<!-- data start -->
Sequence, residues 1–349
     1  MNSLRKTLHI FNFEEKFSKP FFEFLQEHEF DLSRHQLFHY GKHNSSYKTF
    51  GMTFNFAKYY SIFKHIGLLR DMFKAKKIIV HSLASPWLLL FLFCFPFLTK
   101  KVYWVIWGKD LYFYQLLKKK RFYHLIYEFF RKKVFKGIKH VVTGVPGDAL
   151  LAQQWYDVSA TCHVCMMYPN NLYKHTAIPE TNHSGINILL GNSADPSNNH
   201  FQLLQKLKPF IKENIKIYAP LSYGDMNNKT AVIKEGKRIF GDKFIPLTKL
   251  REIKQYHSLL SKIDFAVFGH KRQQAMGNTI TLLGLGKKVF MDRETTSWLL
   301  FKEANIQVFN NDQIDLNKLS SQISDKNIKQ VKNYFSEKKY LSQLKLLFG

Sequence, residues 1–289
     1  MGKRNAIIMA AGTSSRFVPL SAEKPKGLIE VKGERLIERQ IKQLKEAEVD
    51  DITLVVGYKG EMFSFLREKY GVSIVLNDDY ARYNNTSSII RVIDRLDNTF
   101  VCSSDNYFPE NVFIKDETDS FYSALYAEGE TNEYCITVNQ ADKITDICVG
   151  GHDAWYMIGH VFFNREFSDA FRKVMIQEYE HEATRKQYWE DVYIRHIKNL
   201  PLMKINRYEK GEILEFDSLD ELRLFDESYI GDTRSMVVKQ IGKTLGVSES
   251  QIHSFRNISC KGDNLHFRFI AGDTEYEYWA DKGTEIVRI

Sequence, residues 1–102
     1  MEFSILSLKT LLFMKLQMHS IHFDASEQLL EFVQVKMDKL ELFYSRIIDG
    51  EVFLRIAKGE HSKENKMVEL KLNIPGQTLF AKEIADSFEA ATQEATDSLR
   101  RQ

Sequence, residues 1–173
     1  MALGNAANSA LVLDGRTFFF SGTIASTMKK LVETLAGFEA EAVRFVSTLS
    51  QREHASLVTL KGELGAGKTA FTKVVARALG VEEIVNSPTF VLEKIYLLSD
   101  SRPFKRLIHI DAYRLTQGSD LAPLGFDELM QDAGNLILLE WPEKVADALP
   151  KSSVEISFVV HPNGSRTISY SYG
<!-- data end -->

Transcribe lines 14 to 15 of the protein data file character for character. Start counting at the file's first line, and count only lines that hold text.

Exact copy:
   201  PLMKINRYEK GEILEFDSLD ELRLFDESYI GDTRSMVVKQ IGKTLGVSES
   251  QIHSFRNISC KGDNLHFRFI AGDTEYEYWA DKGTEIVRI